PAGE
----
PCMR, LLC IT Technician Brett Wampler said he has been an employee with PCMR since the beginning, being the first employee that was hired a little over a year and a half ago.

PCMR is a computer, mobile phone and video game repair company located at 209 N. Holden St., Warrensburg.

Wampler said he is well informed on the inner workings of various technologies, having constructed, deconstructed and repurposed a number of devices on his own.

In addition to his position at PCMR, Wampler is also a Studio Art Illustration major at the University of Central Missouri with a focus on creating both digital and traditional art.

What would surprise people most to learn about your job?

“I think a lot of people are under the impression that when you have issues with a computer, it’s almost always a really straightforward fix, you just have to know what you’re doing. To some degree that’s true, but also in my experience working here, that’s not always the case. There’s a lot of trial and error and because of that, it takes a lot of time and effort to do. I don’t think people really think about that sometimes.”

What’s the most common question you get about what you do?

“Honestly a lot of people just ask what exactly I do at my job, which would be stuff like replacing computer parts, reinstalling system software. Although, I also interact and tend to customers, answer phones and help customers when they come to the office.”

What is the most challenging aspect of your job?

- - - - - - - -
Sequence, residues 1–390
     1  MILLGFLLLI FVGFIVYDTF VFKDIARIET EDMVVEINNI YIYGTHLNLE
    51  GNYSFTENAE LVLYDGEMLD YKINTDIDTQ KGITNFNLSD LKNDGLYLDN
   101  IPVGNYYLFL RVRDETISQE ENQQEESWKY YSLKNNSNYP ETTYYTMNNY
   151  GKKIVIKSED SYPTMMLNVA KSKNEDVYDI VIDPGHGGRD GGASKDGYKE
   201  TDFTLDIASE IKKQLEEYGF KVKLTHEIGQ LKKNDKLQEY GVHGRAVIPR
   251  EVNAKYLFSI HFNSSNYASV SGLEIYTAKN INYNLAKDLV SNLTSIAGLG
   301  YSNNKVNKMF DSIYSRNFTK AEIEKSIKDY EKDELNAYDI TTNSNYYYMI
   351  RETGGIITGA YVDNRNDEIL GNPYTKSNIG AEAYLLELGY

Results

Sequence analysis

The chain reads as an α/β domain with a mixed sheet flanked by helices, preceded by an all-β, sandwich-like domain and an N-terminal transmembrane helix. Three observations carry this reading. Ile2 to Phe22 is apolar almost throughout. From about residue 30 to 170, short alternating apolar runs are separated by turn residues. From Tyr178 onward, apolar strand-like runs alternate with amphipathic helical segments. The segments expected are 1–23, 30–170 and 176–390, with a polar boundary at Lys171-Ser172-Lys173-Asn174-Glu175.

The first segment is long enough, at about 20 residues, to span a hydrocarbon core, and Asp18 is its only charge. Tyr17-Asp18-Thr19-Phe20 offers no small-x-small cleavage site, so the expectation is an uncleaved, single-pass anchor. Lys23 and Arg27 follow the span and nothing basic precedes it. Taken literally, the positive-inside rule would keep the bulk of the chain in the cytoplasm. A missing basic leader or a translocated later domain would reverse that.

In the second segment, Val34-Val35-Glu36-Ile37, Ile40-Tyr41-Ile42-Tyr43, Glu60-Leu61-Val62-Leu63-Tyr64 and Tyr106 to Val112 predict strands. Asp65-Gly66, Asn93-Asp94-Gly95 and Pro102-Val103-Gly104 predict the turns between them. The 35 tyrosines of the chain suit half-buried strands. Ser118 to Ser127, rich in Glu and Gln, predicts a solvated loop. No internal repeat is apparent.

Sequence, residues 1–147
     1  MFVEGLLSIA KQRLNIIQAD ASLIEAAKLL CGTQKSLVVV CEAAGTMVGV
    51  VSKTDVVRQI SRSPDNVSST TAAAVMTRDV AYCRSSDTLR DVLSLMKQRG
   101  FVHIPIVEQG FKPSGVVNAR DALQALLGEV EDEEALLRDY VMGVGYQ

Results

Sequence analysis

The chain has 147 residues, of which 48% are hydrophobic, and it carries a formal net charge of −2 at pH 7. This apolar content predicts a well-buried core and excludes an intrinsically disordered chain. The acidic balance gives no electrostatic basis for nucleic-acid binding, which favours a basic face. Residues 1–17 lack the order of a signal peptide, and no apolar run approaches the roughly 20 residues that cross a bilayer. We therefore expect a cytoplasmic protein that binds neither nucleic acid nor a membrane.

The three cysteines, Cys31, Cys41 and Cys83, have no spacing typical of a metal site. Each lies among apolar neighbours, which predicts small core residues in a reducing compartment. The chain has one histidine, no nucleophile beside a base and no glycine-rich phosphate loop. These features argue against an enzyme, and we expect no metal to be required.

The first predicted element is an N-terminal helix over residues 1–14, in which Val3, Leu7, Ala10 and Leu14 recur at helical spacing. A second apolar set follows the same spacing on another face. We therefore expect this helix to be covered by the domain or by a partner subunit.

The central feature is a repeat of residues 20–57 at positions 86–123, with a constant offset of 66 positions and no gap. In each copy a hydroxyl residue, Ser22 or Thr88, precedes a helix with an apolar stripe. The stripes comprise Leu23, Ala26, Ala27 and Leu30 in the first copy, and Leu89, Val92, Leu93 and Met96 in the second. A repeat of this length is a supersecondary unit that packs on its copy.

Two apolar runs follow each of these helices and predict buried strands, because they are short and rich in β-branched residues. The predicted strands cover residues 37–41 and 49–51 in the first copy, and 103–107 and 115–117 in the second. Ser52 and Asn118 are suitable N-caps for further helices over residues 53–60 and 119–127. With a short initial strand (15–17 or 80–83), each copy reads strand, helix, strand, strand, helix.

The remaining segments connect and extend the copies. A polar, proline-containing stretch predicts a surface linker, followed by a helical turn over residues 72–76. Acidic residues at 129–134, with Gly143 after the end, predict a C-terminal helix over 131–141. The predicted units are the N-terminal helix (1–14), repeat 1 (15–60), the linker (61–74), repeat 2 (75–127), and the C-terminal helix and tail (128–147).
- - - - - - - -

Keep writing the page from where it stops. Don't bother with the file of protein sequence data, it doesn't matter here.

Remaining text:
“Oddly enough, the most challenging aspect of the job is learning new things. A lot of times it is pretty straightforward, but when you’re dealing with computers and different kinds of technology, everything is built a little differently. So with a lot of issues, there are a multitude of different ways to approach it so sometimes it is a little bit difficult learning about stuff and figuring out what is the best way to approach a situation.”

What is the most rewarding aspect of your job or career?

“I think it’s really rewarding when, say a customer brings in a device and they don’t really know what is wrong with it, and it’s one of those diagnosis that takes a while for me to figure out. But then I do and I have that ‘eureka’ moment whenever you figure out what is wrong with a device and can fix it.”

Would 10-year-old you be surprised that you are in this position or field?

“Kind of. Growing up, I always wanted to be an artists and I’m still pursuing that, but this is definitely a little different than what I probably intended when I was younger.”

What advice would you give someone starting a job similar to yours?

“Get hands-on experience as soon as you can whether that be from you actually starting a job or maybe working on devices as a hobby. I started out by building my own computer and then I did a lot of DIY projects like turning old game consoles into different devices or giving it a different use. Stuff like that really goes a long way to learning the ins and outs of a computer.”

Staff Writer Dustin Steinhoff can be reached by emailing dustin.steinhoff@dsjnow.com or by calling (660) 747-8123.

(0) comments

Welcome to the discussion.

Keep it Clean. Please avoid obscene, vulgar, lewd, racist or sexually-oriented language.
PLEASE TURN OFF YOUR CAPS LOCK.
Don't Threaten. Threats of harming another person will not be tolerated.
Be Truthful. Don't knowingly lie about anyone or anything.
Be Nice. No racism, sexism or any sort of -ism that is degrading to another person.
Be Proactive. Use the 'Report' link on each comment to let us know of abusive posts.
Share with Us. We'd love to hear eyewitness accounts, the history behind an article.